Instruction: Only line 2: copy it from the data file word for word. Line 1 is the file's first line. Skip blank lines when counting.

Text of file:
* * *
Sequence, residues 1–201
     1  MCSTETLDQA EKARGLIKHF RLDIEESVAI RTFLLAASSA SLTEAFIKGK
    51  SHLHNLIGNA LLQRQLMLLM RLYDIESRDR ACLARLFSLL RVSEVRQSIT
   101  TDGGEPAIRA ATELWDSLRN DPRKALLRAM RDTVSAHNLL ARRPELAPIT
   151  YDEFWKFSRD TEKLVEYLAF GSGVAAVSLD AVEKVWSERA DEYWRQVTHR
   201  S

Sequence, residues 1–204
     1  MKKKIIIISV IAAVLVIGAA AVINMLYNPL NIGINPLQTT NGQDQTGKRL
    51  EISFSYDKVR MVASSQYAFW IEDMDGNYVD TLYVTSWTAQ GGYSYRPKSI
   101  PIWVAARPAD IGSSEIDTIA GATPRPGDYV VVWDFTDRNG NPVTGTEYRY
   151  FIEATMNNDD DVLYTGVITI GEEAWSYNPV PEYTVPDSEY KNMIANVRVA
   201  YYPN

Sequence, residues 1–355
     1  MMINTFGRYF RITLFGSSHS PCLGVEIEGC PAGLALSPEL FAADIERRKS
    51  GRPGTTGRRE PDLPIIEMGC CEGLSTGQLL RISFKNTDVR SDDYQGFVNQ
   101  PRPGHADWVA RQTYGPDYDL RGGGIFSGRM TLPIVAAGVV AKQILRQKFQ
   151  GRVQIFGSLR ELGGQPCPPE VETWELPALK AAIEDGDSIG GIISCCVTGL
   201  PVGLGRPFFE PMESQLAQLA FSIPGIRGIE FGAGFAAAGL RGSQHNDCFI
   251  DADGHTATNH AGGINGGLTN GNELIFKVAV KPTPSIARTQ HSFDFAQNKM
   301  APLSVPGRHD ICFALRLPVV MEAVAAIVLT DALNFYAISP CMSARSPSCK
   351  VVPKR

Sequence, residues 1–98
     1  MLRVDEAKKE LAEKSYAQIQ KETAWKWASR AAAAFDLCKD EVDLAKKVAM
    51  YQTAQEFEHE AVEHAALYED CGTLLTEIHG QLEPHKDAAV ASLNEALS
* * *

     1  MCSTETLDQA EKARGLIKHF RLDIEESVAI RTFLLAASSA SLTEAFIKGK